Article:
US20070049739A1 - Method and system for extracting blood-derived growth factors - Google Patents

Method and system for extracting blood-derived growth factors Download PDF

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US20070049739A1
US20070049739A1 US11/214,661 US21466105A US2007049739A1 US 20070049739 A1 US20070049739 A1 US 20070049739A1 US 21466105 A US21466105 A US 21466105A US 2007049739 A1 US2007049739 A1 US 2007049739A1
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heparin
growth factors
conjugated
whole blood
selected
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Karen Troxel
Felipe Palacios
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Biomet Manufacturing LLC
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Biomet Manufacturing LLC
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    • CCHEMISTRY; METALLURGY
    • C07ORGANIC CHEMISTRY
    • C07KPEPTIDES
    • C07K14/00Peptides having more than 20 amino acids; Gastrins; Somatostatins; Melanotropins; Derivatives thereof
    • C07K14/435Peptides having more than 20 amino acids; Gastrins; Somatostatins; Melanotropins; Derivatives thereof from animals; from humans
    • C07K14/475Growth factors; Growth regulators
    • AHUMAN NECESSITIES
    • A61MEDICAL OR VETERINARY SCIENCE; HYGIENE
    • A61KPREPARATIONS FOR MEDICAL, DENTAL, OR TOILET PURPOSES
    • A61K38/00Medicinal preparations containing peptides

Abstract

Methods for extracting heparin-binding growth factors from whole blood comprising contacting whole blood with a heparin-conjugated system to immobilize a conjugated fraction comprising the heparin-binding growth factors; separating a non-conjugated fraction from the system; and releasing the heparin-binding growth factors are provided. Kits include a heparin-conjugate immobilized to the surface of a substrate; and a device to withdraw whole blood from a human or animal subject. Methods of promoting tissue health with the growth factors are also provided.

Description

    INTRODUCTION
  • This invention relates to methods for isolating growth factors from whole blood.
  • Blood-derived growth factors are useful in several applications including wound healing, orthopedic bone defect repair, bone fixation and implantation procedures, plastic surgery, connective tissue repair, periodontal surgery, and to create new blood vessels in previously damaged tissues.
  • Acquiring blood-derived growth factors by current techniques is a multi-step process that can extended periods of time, up to days or weeks, to complete. First, the blood is drawn from a subject or suitable blood is located and received from a donor facility. Blood is then sent to a laboratory where blood is processed into homogenous fractions. Homogenizing the blood fractions is complex and requires that the whole blood is heated, precipitated using salts, filtered, contacted with receptor proteins, or subjected to a variety of pressure treatments. It requires a high level of user input through repetitive processing, discarding unwanted fractions, and processing cycle. Aside from transfer delays between the originating facility and the laboratory, homogenization is the most time consuming steps required to extract growth factors from blood. Even the simplest of these techniques require at least a partial purification of the blood prior to separation of growth factors. Homogenizing is timely, costly, inefficient, and can be extremely inconvenient for health care or other facilities where it is desirable to rapidly extract growth factors from the blood.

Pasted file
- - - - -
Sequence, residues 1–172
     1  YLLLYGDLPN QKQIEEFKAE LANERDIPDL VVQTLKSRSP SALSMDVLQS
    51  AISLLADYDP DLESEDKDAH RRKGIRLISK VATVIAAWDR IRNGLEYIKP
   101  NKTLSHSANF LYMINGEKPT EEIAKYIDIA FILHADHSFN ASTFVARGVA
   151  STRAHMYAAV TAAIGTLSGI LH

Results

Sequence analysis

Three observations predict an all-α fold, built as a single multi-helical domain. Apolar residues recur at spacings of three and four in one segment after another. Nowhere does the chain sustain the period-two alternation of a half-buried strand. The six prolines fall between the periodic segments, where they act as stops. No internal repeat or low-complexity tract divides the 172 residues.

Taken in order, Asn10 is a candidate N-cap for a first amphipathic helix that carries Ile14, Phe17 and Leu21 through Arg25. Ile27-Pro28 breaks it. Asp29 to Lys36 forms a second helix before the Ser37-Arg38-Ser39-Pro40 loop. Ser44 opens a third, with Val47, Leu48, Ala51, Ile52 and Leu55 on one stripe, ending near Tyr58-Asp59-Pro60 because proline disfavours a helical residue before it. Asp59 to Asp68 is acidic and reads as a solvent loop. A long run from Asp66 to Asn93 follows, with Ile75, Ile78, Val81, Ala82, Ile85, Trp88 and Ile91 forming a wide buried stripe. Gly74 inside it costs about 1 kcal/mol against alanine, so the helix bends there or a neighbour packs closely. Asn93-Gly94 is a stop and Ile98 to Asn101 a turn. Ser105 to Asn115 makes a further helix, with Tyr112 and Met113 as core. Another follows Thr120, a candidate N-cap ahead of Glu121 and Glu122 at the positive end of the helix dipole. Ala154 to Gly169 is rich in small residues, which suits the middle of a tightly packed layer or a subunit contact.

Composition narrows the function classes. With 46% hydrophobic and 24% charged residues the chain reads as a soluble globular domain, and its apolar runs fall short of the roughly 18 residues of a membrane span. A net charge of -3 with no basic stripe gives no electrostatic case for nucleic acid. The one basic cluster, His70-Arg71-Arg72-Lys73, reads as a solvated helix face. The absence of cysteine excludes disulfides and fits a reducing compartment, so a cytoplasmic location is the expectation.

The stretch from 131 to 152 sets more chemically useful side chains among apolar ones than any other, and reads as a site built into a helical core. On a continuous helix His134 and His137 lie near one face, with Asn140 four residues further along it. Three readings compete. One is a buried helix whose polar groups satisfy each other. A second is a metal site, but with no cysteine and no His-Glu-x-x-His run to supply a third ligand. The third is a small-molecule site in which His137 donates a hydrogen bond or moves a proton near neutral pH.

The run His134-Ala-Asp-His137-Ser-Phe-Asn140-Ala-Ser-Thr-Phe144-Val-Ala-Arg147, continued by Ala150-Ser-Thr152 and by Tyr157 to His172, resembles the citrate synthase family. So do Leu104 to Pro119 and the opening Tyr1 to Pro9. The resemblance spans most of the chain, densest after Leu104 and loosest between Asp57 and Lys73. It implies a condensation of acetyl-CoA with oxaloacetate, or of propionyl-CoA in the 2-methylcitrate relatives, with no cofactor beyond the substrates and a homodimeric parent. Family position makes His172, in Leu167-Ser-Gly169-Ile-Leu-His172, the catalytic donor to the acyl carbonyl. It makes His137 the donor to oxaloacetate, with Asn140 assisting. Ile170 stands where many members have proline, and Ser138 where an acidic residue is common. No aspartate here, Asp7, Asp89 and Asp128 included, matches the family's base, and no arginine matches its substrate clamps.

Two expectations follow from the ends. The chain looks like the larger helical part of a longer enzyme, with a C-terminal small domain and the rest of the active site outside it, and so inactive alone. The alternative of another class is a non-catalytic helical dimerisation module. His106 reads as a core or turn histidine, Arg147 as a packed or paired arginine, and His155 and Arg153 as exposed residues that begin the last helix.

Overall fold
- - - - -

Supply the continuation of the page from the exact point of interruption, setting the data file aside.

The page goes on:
• It would be advantageous to provide a method for separating growth factors from the whole blood that is simple, completed without the need for homogenizing fractions, is cost effective, and provides adequate isolation and concentration of growth factors.
  • SUMMARY
  • The present invention provides methods for extracting heparin-binding growth factors from whole blood comprising: contacting whole blood with a heparin-conjugated system to immobilize a conjugated fraction comprising the heparin-binding growth factors; separating a non-conjugated fraction from the system; and releasing the heparin-binding growth factors.
  • Kits are also provided comprising a heparin-conjugate immobilized on a substrate and a device to withdraw whole blood from a human or animal subject.
  • Methods of promoting tissue health are also provided comprising contacting whole blood with a heparin-conjugated system to separate the whole blood into a conjugated fraction and a non-conjugated fraction; separating the non-conjugated fractions to provide growth factors; and applying the growth factors to the tissue.
  • The methods and kits of this invention provide benefits over methods and devices among those known in the art. Such benefits may include one or more of: efficiently extracting growth factors from whole blood, rapidly providing growth factors for autologous donation, providing an adequate concentration of growth factors, and providing growth factors useful promoting tissue health. Further areas of applicability will become apparent from the detailed description provided hereinafter. It should be understood that the detailed description and specific examples, while indicating preferred embodiments of the invention, are intended for purposes of illustration only and are not intended to limit the scope of the invention.